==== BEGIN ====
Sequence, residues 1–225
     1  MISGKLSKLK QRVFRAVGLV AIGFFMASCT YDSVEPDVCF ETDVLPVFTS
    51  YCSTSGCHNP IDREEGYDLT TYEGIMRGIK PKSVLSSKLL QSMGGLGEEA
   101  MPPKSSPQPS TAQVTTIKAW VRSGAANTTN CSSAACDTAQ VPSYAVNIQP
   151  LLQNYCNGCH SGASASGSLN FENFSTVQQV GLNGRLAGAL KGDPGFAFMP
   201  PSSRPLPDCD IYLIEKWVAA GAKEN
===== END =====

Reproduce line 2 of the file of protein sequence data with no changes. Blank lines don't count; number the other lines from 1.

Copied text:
     1  MISGKLSKLK QRVFRAVGLV AIGFFMASCT YDSVEPDVCF ETDVLPVFTS